Ushers: The Front of House Musical
Reviewed by Michaela Clement-Hayes
The Hope Theatre
Performance date: 10th December 2013
I’ve never worked as an Usher but I know a few friends who grace various London theatres with their presence, so I was curious to see how their story would be told. Five minutes in and I’d been inadvertently insulted several times (not only am I a theatre critic, but I’m also a gin drinker and a stagey! Sticks and stones).
Ushers takes place during a performance of Oops! I Did It Again – a musical based on the songs of Britney Spears (yes, I’d love to see that) – and follows one group of Front of House staff.
New girl Lucy (Abigail Carter-Simpson) has arrived for her first day as an Usher and immediately falls for Stephen (Ross McNeill). Meanwhile Ben (Liam Ross-Mills) and Gary (Will Jennings) are having problems with their relationship because Gary has finally caught a break… an acting job in Austria.
The space in The Hope Theatre is very small and limited, so the actors have to remain on stage but hidden in the audience at times, which is a shame. However, this is what Ushers do, so it may even have been deliberate!
Although the Ushers’ stories are being told, the show is interspersed with excerpts from Theatre Nation’s handbook that define useful terms such as ‘on the rocks’, ‘flyer’ and ‘crush’… These are then followed swiftly by a homonym that sums up how a certain character is feeling. This is an interesting idea that works well and is believable of how a trainee would actually define the phrases as they mock the organisation that’s “making theatre better”.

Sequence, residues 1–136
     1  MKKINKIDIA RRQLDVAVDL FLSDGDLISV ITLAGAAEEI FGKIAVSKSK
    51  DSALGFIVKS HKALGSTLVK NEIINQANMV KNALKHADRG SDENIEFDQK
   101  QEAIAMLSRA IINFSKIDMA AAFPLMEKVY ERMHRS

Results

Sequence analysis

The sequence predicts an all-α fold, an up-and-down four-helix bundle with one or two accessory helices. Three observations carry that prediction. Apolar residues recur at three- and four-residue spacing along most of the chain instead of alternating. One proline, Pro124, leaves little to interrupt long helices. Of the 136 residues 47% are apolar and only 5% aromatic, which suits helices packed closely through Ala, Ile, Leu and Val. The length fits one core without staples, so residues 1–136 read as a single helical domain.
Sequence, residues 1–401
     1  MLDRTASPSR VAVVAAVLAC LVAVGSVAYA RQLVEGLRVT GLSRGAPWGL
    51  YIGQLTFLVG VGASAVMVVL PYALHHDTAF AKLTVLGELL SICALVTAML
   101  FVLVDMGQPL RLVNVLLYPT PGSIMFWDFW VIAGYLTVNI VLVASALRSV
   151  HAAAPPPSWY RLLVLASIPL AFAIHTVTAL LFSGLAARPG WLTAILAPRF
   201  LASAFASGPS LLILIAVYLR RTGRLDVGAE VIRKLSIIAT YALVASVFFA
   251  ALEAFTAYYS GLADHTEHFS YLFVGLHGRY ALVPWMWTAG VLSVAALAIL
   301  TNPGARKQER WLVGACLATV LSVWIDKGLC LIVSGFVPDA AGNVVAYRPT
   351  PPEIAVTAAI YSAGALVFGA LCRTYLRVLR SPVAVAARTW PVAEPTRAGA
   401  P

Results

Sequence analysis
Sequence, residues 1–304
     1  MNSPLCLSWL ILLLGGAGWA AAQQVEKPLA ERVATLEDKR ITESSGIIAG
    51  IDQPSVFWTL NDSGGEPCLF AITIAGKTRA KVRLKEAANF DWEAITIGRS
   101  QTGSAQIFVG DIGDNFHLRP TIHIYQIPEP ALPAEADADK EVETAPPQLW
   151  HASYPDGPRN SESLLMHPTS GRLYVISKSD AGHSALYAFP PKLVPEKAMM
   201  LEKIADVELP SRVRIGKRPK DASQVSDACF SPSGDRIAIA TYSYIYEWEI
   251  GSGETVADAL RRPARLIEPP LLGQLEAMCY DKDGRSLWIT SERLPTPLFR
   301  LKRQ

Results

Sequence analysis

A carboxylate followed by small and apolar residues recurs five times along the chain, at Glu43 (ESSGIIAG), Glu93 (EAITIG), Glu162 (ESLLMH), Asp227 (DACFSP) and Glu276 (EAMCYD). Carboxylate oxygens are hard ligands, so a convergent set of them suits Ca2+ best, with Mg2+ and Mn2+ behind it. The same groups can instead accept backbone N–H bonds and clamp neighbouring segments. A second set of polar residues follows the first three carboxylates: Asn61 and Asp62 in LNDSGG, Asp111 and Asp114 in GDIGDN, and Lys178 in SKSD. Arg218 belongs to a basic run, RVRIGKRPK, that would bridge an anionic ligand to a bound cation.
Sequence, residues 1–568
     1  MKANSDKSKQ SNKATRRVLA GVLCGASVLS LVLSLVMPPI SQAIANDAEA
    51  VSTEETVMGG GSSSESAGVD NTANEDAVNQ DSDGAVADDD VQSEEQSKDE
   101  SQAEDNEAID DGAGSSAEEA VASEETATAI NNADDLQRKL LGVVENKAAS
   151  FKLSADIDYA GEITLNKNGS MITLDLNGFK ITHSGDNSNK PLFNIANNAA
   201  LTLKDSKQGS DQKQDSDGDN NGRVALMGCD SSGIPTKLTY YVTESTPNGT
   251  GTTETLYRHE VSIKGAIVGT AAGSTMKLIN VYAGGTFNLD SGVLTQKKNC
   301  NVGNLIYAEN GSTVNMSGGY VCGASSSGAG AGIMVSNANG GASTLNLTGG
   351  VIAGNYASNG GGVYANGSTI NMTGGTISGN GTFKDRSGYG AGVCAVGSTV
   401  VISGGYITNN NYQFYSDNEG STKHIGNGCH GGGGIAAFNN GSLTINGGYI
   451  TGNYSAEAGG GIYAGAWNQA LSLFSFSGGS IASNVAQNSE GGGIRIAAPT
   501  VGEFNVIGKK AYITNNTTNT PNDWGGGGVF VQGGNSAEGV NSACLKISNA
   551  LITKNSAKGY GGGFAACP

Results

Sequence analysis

The music and lyrics by Yiannis Koutsakos and James Oban vary somewhat, but most of the songs are charming, particularly Dreams & Ice-Creams, which Carter-Simpson performs beautifully and The Parts I Could Play.
Ralph Bogard, as Robin, once again impresses with his lovely, rich voice and captures the essence of his character well; meanwhile Chlöe Brooks has great fun playing the ditzy Rosie. The cast work well together and all relationships are believable, although no doubt they will develop over time.
The show is, as expected, quite cheesy but it’s well-researched and funny, with plenty of sly digs at West End Shows (e.g. From Here to April; Paint Never Dries etc.) that the audience love! Writer James Rottger has produced a clever musical that is very tongue-in-cheek, but still manages to have its sentimental moments.